Is Google Going Too Far In Its War Against Web Spam?


If you heard a low but annoying groan that seemed to come from all the four corners of the world  during the last week of last April 2012, you probably heard the collective whine of many of the Internet’s website owners and website managers. Google released its Penguin algorithm update at that time and many formerly high-flying websites’ search engine rankings crashed to earth. If this drew a shrug from you, here’s a quick tip, whenever you enter a search term into Google, the search engine ranks the results.

If you own a website, you would, naturally, want to be ranked on the first page and near or at the top. Google’s Penguin upended many sites’ rankings and many have never recovered. The owners of these sites lost more than traffic. They lost money. Less  traffic means less money. It’s that simple.

While Google’s intentions are worth praising, the results of its latest updates have produced well, uneven, results. Many high-quality sites have been knocked to the basement of the rankings while bad low-quality sites rose up or continued to hog the top spots? I can sympathize with Google’s never-ending drive to clean up its results. Can’t argue with that.

After all, it was porn spam and totally unrelated garbage results produced by spam that doomed Altavista, Lycos, Excite, and other early search engines. Google’s just trying to maintain the quality of its service. No problem with that. The problem, however, is that it might be trying to kill ants with a blowtorch.

Penguin’s rationale was there were too many spammy sites enjoying high rankings not because of the sites’ content quality but due to the site owners’ search engine optimization skills. Google’s head of web spam, Matt Cutts, has been telegraphing for several months before Penguin that Big G will be cracking down on ‘over optimization.’

In other words, if the only reason your site is ranked #1 on Google for a keyword phrase is because of your mad SEO skills, Google was going to take you down a notch or two. It did that and then some. The Penguin update launched a brave new world in search engine optimization.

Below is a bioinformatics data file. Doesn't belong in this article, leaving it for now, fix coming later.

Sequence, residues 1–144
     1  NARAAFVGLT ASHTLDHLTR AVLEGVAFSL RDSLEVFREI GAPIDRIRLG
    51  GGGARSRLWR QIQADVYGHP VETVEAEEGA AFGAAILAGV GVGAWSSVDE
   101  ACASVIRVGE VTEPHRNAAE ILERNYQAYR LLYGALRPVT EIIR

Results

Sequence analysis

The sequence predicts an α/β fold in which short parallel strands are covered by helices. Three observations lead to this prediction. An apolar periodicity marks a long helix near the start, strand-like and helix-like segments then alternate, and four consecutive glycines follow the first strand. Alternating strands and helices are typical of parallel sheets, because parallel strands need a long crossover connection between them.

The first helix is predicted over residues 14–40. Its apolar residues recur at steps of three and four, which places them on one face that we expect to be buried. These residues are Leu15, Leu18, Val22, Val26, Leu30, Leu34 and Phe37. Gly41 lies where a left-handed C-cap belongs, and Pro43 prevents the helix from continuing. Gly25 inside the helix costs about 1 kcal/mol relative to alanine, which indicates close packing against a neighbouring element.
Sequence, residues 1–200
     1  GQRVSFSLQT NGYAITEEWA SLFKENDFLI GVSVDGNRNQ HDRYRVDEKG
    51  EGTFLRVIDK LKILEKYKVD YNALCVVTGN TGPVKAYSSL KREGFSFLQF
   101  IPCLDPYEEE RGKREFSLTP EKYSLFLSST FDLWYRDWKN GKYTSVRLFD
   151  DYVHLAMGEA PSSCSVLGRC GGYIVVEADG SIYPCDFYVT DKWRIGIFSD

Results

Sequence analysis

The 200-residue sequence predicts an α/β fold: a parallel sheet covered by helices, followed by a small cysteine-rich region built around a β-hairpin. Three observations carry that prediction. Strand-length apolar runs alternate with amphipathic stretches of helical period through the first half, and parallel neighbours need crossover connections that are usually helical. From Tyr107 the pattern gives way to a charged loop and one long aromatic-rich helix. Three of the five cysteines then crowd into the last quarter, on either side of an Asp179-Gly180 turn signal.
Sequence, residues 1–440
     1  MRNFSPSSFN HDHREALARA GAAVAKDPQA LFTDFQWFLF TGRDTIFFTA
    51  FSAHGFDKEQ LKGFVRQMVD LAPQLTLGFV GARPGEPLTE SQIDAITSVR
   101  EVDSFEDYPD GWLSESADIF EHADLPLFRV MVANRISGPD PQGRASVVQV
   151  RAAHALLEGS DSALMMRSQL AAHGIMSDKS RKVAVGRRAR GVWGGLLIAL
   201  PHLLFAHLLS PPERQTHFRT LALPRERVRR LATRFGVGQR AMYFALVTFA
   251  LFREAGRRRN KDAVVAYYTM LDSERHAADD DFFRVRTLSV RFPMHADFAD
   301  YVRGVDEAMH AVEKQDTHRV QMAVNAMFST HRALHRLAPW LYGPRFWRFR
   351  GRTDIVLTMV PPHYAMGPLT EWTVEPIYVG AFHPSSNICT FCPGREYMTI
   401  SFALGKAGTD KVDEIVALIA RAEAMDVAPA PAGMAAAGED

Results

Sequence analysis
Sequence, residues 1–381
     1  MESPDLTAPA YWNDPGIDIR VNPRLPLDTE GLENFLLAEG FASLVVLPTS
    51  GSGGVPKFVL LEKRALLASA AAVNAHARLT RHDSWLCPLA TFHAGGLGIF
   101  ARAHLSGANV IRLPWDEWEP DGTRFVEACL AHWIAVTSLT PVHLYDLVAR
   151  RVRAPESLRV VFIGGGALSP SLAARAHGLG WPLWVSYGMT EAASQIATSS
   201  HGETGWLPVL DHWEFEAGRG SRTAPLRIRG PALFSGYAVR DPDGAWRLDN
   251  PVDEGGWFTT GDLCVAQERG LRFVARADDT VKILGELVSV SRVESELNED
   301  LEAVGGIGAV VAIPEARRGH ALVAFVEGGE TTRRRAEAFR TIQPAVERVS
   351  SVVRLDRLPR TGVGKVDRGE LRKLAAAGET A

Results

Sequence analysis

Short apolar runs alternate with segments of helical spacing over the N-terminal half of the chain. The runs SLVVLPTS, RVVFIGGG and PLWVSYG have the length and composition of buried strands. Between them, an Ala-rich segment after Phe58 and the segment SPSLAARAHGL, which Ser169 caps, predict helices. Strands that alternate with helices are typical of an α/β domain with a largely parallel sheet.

Google is now looking at sites’ backlinks to see if they are ‘over optimized’- in this case, if there are ‘unnatural’ patterns in the backlinks to a website.  The problem with this is it now opened the door to ‘negative SEO’ where your competitors can make tons of ‘unnatural’ backlinks to your site. Google will think this is you trying to pull off some SEO shenanigans and bowl you off the rankings.

This is every search engine optimization specialist’s nightmare. And it has come true. Google later released a ‘disavow’ tool people can use to disavow backlinks so their rankings can recover. Sadly, this is too little too late.

Moreover, it seems less a move to help webmasters clean up their backlinks and more like a crowdsourcing attempt at getting a huge list of ‘bad’ link sources. What if your site is on the disavow list? What if a site on the list linked to you or you linked to it? See where I am going with this.

Penguin represents Google’s new direction against web spam and it looks overbroad and doesn’t really factor in websites’ overall quality. By being too focused on backlinks ‘overoptimization’, Google stands to throw the baby out with the bathwater. I am not so sure if this is a good direction for Big G to take considering that its search results are still peppered with Buy Viagra spam.

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